David's most recent work of non-fiction is Bright Young People: The Rise and Fall of a Generation: 1918-1940 (2007), currently available in the UK as a Vintage paperback and in the US as a Farrar, Straus & Giroux hardback and paperback.

The Bright Young People were one of the most extraordinary youth cults in British history. A pleasure-seeking band of bohemian party-givers and blue-blooded socialites, they romped through the newspaper gossip columns of the 1920s. Evelyn Waugh dramatised their antics in Vile Bodies.  Over the next half-century many of them, from Anthony Powell to Nancy Mitford, and Cecil Beaton to John Betjeman, would become household names.  Their dealings with the media foreshadowed our modern celebrity culture.  Even today, we can detect their influence in different areas of our cultural life. 
But the Bright Young People's quest for pleasure came at a price.  Beneath the veneer of hedonism, parties and practical jokes was a tormented generation, brought up in the shadow of war, whose relationships - with their parents and with each other - were prone to fracture.  For many, their progress through the 'serious' Thirties, when another war hung over the horizon, led only to drink, drugs and disappointment, and in the case of Elizabeth Ponsonby - the original of Waugh's Agatha Runcible - to a family torn apart by tragedy.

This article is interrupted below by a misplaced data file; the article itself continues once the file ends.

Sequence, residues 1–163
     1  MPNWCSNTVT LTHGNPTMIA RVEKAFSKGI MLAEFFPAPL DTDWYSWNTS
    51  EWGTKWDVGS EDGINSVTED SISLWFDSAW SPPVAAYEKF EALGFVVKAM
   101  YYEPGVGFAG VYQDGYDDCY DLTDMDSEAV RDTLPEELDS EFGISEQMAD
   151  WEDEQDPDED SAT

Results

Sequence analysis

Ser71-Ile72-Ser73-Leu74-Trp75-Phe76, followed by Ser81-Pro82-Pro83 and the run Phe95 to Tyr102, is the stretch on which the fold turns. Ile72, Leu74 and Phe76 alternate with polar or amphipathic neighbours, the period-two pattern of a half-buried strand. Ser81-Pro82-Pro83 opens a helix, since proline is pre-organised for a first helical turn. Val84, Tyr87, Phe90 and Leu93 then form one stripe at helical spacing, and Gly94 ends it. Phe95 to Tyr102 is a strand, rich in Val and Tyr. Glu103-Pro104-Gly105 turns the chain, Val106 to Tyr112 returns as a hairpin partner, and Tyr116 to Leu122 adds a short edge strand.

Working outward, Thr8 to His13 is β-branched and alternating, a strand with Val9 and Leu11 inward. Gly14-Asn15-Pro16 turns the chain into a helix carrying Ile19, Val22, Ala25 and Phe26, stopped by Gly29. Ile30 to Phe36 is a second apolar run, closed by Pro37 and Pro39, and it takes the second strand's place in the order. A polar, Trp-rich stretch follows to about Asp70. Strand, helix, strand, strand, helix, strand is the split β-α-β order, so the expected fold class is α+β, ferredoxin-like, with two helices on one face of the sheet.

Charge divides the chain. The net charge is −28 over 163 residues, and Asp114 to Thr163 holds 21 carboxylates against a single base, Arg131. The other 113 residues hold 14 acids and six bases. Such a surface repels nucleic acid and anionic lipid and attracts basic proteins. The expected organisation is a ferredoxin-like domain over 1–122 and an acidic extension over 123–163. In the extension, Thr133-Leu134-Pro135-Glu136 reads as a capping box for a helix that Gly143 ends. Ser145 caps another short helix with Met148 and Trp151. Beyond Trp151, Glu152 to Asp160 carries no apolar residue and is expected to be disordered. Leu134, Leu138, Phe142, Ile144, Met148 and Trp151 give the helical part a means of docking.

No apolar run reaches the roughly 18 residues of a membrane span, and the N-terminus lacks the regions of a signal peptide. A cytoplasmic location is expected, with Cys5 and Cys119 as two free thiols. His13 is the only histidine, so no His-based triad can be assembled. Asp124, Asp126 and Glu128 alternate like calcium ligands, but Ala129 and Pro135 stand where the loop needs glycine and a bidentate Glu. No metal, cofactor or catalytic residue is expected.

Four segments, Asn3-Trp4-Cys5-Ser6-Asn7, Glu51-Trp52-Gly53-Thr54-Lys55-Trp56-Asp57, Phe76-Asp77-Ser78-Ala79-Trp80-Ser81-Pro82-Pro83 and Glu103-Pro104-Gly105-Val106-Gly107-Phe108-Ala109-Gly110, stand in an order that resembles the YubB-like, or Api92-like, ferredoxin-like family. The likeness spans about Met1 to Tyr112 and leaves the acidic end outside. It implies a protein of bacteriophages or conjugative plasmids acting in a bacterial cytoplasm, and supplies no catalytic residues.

Moving from the aftermath of the Great War to the opening salvoes of the Blitz, Bright Young People is a chronicle of England's 'lost generation' of the Jazz Age, and a panoramic portrait of a world that could accommodate both dizzying success and paralysing failure.  Drawing on the writing and reminiscences of the Bright Young People themselves, and mingling social history, literary criticism and straightforward gossip, D.J. Taylor has produced an enthralling and definitive portrait of a vanished age.

Review of Bright Young People in the Telegraph, 13 October 2007
Click here to read the review